Prior to the 1990s, disk drives were somewhat like a tape recorder with a short loop of tape, and an ability to move the drive head to select a track. Information is written to disks using sequences of magnetic pulses with varying amounts of time between them. Depending upon the physical properties of the media, there will be limits as to the minimum and maximum amounts of time between pulses, as well as the timing accuracy with which that time can be measured. To allow for this, bytes are encoded using different patterns of pulse lengths. Certain patterns of pulse lengths will never appear in data and are thus used as synchronization markers.
When a disk is low-level formatted, the head is moved to each track and set to record, at which time the drive will then write the sequence "sync marker + sector header, short gap, sync marker + sector data, longer gap" once per sector. Each sector header contains the sector number recorded within it; to read a sector, the drive starts by listening for a sector header with a proper sector number, and then once that is heard, listens for the next sync marker and captures the data that follows. To write a sector, the drive waits for the sync marker for the proper sector, switches to write mode, writes a sync marker along with the proper data and a small amount of trailing junk which is guaranteed not to look like a sync marker, and switches to read mode.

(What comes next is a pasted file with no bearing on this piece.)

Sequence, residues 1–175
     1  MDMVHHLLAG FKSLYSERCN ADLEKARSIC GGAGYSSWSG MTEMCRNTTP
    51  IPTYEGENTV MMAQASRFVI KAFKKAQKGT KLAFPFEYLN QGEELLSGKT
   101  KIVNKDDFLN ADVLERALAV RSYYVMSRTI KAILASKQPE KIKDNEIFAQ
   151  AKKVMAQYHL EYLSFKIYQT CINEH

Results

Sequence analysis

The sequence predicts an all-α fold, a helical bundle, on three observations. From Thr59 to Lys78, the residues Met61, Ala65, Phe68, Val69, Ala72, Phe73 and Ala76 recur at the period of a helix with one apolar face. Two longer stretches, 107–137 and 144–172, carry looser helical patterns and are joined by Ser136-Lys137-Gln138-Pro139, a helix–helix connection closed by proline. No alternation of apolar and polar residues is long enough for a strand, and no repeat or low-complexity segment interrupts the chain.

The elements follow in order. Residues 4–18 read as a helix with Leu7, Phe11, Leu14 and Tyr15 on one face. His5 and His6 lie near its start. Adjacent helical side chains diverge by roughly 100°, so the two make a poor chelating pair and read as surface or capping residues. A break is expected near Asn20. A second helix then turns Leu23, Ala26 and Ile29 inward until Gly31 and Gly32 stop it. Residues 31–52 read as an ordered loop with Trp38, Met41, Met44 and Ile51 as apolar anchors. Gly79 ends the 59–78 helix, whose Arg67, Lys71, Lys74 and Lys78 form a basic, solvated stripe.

Note that while a drive is reading data, it can "round" pulse widths up or down so as to tolerate variations in rotation speed. When writing a sector, the widths of pulses will be fixed independent of rotation speed. Thus, speed variations may cause an overwritten sector to not precisely match the length of the original. The gaps between sectors make it possible for a drive to tolerate this imprecision, but such imprecision makes it impossible to write part of a sector. Effectively, every separately-writable area of the disk must be preceded by a sector header and followed by a gap. The more finely one wants to be able to update individual chunks of data, the larger the fraction of overall space that will be devoted to the headers and the gaps.